Well, I couldn’t resist.
I had to try a little bit of the wicked ghost pepper powder that I made
a few days ago.
It’s funny. Normally, when describing a recipe, I might say, use a tablespoon of this and a teaspoon of that but, when it comes to ghost pepper, I think much smaller.
As an example, here is the rub that I used for two large
chicken breasts, before breading and frying them.
1 ½ Tbs dried onion flake (crushed into a powder)
2 tsp smoked paprika
1 Tbs salt
2 tsp Tajin seasoning
1 tsp dried thyme
1 tsp ghost pepper powder
If I did the math right, the amount of ghost pepper in the
spice mix is about 13%. At first thought,
13% doesn’t sound like much but, when that 13% is ghost pepper, it’s impressive. The curious thing is, when I use a spicy rub
on chicken, prior to frying, much of the spiciness diminishes during the
cooking process. So, even though this
was a robust amount of ghost pepper, the spice rub didn’t make the chicken
However, the sauce that I prepared for the chicken bumped up the heat, just enough to make me grin with satisfaction.
3 Tbs soy sauce
2 Tbs sriracha sauce
2 Tbs Louisiana hot sauce
1 Tbs Worcestershire sauce
¼ tsp ghost pepper powder
See the difference in the ratio of ghost powder in the rub compared to the sauce?
The total amount of sauce is about ½ cup and the amount of ghost pepper powder in the sauce is a mere ¼ teaspoon. But that’s plenty! Any more ghost pepper and the sauce would be ridiculously hot.
I like this sauce. The overriding flavor comes from the soy sauce and Worcestershire sauce. The heat provided by the hot sauces and ghost pepper gives it a nice, spicy kick.
A parting thought…
Tread lightly when adding spice to your sauces. You can always keep a secret stash of wicked sauce on the table. Don’t wreck a great meal for others just because you want to push your own taste buds to the extreme. Same goes with sugar or salt. Be kind. Be bold. Come back for more when you’re hungry! – The Pick
Sometimes I crave very spicy food. And by sometimes, I mean about once a week. I don’t always act on the impulse but when I
do, I go all out.
I’m not the kind of person that goes around bragging about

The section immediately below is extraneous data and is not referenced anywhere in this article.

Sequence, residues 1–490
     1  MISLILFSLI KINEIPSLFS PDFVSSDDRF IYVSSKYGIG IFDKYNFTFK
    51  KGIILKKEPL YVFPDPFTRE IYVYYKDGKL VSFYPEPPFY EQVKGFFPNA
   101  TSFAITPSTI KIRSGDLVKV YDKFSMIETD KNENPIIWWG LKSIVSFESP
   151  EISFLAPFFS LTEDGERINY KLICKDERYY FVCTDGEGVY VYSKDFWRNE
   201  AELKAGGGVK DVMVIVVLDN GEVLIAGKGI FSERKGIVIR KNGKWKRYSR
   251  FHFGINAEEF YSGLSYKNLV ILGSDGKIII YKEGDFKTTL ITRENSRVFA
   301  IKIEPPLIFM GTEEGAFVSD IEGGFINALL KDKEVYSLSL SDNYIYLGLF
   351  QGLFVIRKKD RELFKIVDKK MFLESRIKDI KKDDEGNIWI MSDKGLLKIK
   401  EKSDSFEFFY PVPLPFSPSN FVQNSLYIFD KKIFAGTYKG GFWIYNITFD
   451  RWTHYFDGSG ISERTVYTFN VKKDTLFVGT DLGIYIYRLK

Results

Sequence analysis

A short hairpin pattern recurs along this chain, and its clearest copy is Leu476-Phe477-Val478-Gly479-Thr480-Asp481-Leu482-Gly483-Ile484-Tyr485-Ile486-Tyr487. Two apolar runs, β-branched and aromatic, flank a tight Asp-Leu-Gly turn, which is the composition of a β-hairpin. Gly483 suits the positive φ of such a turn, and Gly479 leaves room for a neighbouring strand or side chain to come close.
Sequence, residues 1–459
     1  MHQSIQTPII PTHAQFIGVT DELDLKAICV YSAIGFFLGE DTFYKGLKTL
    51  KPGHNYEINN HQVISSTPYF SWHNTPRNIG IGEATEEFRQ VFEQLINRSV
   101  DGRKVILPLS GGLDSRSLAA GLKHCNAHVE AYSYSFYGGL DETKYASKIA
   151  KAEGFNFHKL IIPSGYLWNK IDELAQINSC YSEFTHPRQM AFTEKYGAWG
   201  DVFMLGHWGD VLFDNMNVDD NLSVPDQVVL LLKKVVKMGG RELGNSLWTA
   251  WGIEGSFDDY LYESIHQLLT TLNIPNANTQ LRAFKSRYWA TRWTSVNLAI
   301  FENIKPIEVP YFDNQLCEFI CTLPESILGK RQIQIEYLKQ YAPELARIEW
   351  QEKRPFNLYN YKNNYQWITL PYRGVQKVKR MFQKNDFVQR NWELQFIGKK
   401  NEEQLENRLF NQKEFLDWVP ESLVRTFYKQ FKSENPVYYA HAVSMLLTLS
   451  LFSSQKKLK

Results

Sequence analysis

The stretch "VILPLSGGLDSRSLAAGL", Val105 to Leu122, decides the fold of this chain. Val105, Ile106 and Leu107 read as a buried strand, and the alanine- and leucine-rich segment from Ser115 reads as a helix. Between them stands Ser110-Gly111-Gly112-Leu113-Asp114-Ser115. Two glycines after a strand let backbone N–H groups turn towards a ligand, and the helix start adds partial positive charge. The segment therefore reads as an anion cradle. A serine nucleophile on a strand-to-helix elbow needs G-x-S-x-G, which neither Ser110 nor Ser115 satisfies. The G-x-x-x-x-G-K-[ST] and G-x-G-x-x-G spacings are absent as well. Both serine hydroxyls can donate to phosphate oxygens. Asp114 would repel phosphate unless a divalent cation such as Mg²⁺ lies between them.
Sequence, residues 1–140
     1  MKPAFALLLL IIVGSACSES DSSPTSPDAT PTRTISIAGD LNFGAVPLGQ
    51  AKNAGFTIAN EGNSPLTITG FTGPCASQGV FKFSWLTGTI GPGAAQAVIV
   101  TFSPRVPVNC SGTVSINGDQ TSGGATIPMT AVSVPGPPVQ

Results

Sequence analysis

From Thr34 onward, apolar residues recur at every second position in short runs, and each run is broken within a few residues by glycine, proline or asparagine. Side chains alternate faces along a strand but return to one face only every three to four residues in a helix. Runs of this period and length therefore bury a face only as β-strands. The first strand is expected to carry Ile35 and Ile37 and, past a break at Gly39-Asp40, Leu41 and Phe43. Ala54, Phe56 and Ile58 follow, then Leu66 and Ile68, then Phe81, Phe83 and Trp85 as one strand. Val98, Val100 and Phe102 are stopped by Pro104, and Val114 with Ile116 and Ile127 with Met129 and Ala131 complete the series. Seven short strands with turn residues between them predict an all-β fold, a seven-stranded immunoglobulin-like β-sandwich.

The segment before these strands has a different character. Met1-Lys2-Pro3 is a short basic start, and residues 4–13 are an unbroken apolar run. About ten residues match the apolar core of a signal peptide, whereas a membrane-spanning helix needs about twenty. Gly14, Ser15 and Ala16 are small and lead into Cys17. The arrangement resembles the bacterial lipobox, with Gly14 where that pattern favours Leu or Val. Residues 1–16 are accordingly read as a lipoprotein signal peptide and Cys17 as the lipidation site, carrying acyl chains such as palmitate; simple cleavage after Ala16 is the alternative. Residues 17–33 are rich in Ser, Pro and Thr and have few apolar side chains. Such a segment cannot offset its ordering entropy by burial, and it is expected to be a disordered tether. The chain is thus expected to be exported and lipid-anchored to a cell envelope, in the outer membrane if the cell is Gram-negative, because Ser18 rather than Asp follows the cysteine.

eating super-hot-spicy peppers and I’m not the kind of guy that likes to trick
people with wickedly spicy food. I just like
the stuff. Spicy food makes me happy. It brings me peace when I need it. I tend to crave very spicy food after a stressful
day at work. I feel as though I can burn
away a bad day with blistering hot food. Sometimes I just want something very spicy for
no reason at all. Like I said, I just
like the stuff.
I call this Yin and Yang Chicken Wraps because it exists in perfect balance. Admittedly, it contains things that are not so healthy yet, it contains things that are very healthy for you. Think of it as the dichotomy of Good and Evil.
Evil: fried chicken, flour tortillas and mayonnaise.
Without evil, could we appreciate good? Without good, could we perceive evil? Oh yes, this is going to be some very
Another aspect of yin and yang provided by this recipe relates
to taste sensations. Spicy and
Spicy: all of the peppers and hot sauces
Soothing: mango, lettuce, sour cream and cilantro.
This recipe is relatively quick and easy to make. In fact, if you pare it down to the core, it’s
really just fried chicken strips with hot sauce and some vegetables, wrapped
into a large burrito. The ingredients may
change, based upon what I have at hand.
Since I am growing chili peppers in my garden, I have lots of ways to bring
spicy heat and bold flavors.
Habaneros are the key in this particular recipe. If you have never tried fresh habanero, you should try them. Be careful, though. Habaneros are VERY spicy. Slice a tiny sliver from a fresh habanero and pop it into your mouth. Bite once and spit it out. You will get a big dose of heat from the spice but not so much to knock you down. You will also get to experience a most unique chili flavor. There’s no other chili pepper like the habanero. The taste is vibrant and unlike any other chili I have tasted.